The Indian government joined hands with the Bill and Melinda Gates Foundation this week in launching “All Children Thriving", an initiative to ensure healthy childbirths. The initiative has been undertaken as a part of Grand Challenges, a campaign run by the Gates Foundation focusing on health issues. In an interview, M.K. Bhan, founder chairman of the Biotechnology Industry Research Assistance Council that’s a part of the “All Children Thriving" programme, said India was not investing enough in its children and more focused research is needed on the subject.
How is “All Children Thriving" different from programmes already addressing this issue?
We have run several programmes on child survival for the last decade. While there has been some impact on deaths in the first one week, we still cannot touch practices in the first day or two, where the bulk of deaths occur. Our national programmes are not achieving what is achievable. There are many inter-generational constraints for having low birth weight or high child mortality and these factors (like environment, nutrition, etc.) may not end with one generation. We cannot say economic development will solve this problem. Survival is fine, but our children need to thrive. As a policymaker, I am rarely effective if I am not clear.
In health, we haven’t seen great successes... We need science which is grounded in population—that is where good innovation comes in. We need to quickly figure out what is a right package of intervention for expecting women. Neo-natal mortality is a huge challenge for our government. Almost 20% babies have low birth weight and the rate of decline in stunting, despite intensive efforts through national programmes, is 1% per year—too slow for us to accept. Through “All Children Thriving"...we want to focus bright scientists on the problems of the poorest and deliver results quickly.
Does the dependency on donor funding worry you?
We are investing very little money from India on our children... The Indian Council of Medical Research’s total budget is ranges between ₹ 5,000 crore and ₹ 6,000 crore. It is absurd to expect the organization to run a health research programme on that little money. We, our policies, have made India dependent on donor money. The attention is focused on global world, and this is the biggest tragedy of innovation in India. As a nation, we pay more attention to nationalism than on national responsibility. Today, we need research. We need quick research... We need science embedded in the community—context-sensitive research, which helps us produce results by overcoming current barriers.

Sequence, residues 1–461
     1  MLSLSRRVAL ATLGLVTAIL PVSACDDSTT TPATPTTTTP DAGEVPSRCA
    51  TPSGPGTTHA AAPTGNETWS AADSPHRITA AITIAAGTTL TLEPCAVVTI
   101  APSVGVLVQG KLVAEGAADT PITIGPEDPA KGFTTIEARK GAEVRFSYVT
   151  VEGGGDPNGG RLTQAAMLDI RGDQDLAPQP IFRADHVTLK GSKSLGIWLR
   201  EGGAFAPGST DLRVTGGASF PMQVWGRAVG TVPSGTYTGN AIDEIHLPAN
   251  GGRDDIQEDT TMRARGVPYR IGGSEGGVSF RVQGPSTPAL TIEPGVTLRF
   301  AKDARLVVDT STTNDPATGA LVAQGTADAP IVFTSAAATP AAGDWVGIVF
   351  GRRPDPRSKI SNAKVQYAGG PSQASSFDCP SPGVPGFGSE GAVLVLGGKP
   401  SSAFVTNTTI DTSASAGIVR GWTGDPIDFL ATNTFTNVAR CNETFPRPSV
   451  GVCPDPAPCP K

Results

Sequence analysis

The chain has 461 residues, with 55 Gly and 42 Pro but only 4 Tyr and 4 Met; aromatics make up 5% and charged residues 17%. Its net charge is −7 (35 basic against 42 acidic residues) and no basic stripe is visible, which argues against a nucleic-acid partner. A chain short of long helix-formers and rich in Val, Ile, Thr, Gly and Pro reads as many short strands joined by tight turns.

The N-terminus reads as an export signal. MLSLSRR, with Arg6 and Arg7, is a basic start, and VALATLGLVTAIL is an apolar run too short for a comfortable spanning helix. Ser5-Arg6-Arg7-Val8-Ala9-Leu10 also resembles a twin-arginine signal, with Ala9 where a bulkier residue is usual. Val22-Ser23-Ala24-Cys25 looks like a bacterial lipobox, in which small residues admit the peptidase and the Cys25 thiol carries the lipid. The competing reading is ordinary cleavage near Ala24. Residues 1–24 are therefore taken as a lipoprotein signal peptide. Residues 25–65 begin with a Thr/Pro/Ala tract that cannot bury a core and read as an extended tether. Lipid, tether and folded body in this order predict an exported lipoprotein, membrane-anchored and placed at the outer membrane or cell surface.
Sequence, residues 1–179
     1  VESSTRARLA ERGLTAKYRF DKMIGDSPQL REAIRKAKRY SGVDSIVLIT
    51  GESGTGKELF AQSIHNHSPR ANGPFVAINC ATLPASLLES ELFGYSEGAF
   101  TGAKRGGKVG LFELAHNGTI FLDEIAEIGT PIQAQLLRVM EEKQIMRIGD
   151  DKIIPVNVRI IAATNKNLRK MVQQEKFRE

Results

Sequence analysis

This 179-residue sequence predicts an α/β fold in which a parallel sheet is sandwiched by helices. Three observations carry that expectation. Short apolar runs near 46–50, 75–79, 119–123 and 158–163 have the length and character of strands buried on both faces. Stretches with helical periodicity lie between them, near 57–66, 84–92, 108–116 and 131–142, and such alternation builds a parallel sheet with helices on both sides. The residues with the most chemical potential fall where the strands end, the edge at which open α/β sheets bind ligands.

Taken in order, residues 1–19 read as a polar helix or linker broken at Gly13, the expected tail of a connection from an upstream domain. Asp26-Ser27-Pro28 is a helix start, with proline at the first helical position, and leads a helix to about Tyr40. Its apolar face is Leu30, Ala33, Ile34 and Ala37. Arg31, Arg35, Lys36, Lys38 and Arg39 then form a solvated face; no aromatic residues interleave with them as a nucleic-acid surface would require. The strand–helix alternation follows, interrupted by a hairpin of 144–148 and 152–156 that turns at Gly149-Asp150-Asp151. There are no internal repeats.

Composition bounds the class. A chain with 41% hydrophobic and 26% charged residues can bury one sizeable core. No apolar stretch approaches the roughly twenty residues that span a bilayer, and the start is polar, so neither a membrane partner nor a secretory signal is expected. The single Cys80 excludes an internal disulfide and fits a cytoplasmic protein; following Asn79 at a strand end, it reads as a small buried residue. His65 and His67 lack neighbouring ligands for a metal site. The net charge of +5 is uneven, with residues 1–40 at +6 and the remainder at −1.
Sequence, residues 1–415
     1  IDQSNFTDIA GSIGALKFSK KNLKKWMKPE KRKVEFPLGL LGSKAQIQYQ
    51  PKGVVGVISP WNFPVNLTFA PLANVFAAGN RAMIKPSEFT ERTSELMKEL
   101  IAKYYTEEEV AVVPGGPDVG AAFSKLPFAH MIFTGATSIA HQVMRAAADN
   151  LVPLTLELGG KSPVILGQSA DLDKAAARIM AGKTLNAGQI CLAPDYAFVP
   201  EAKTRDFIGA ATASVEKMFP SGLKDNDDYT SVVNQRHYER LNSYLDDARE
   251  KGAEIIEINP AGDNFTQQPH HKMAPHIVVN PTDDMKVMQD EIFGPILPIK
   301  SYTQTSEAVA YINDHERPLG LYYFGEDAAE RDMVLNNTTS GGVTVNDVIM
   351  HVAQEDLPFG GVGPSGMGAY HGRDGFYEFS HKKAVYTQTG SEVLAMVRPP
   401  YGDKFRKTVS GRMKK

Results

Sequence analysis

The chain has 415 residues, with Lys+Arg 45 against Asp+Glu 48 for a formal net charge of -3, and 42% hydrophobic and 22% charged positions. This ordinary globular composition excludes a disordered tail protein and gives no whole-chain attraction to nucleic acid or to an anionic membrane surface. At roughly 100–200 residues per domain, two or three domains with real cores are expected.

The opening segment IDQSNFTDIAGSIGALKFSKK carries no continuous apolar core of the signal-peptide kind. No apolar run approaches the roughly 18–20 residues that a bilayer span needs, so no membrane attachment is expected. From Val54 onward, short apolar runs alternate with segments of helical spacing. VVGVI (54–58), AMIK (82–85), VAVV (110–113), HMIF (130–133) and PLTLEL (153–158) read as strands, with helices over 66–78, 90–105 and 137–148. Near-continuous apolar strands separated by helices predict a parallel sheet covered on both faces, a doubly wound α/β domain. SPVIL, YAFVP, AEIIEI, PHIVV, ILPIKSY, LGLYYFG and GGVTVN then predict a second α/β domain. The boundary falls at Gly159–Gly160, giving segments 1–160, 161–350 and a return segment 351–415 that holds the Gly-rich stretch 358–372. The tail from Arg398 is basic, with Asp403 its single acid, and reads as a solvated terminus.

At present...policies are just confused and confusion can be spread, but it cannot be implemented. We need a stable clear agenda which everyone believes in—intense, efficient research. And for now, if Grand Challenge is the way to provide this stability, then that is the best way forward for us as a nation.
What clarity does this partnership bring to Indian policies?
“All Children Thriving" is an exclusive programme which will look at intensive campaigning for breastfeeding during first six months and improve our rates of coverage. One of the big focus areas of this challenge is equitable participation from the community. We need behavioural change from people as we have too many sub-cultures—all of which have different traditions and practices during pregnancies and birth. This programme is an attempt at creating a first-class pregnancy surveillance, which reaches 90% of our expecting mothers.
Currently, we are faced with a few fundamental questions. We need to define the best package of intervention for pregnancy. We need to be sure about the best time to intervene—pre-conception, early conception, late conception... Or do we need a policy that intervenes during all three stages?
So far, we have had individual interventions with sporadic impact—interventions focusing only on gestation, or only on growth or breastfeeding campaign. We need a comprehensive policy that addresses a child and a mother’s needs from the time a baby is conceived to the first 1,000 days of life. All our programmes are designed for pre-school kids. Below two months, kids are just not available at a facility. We need a new design of programme to get to these children.
How will this plan work with the currently existing policies targeting children?
This new government has made two commitments—the India Newborn Action Plan will reduce our child mortality to single digits by 2030. That target is eminently realizable if we put our house in order. Secondly, the government is committed to standardized and affordable care delivery. The contours of that are still being worked out. We have not defined the role of the market, or of health assurance, etc., so far. That is a priority area.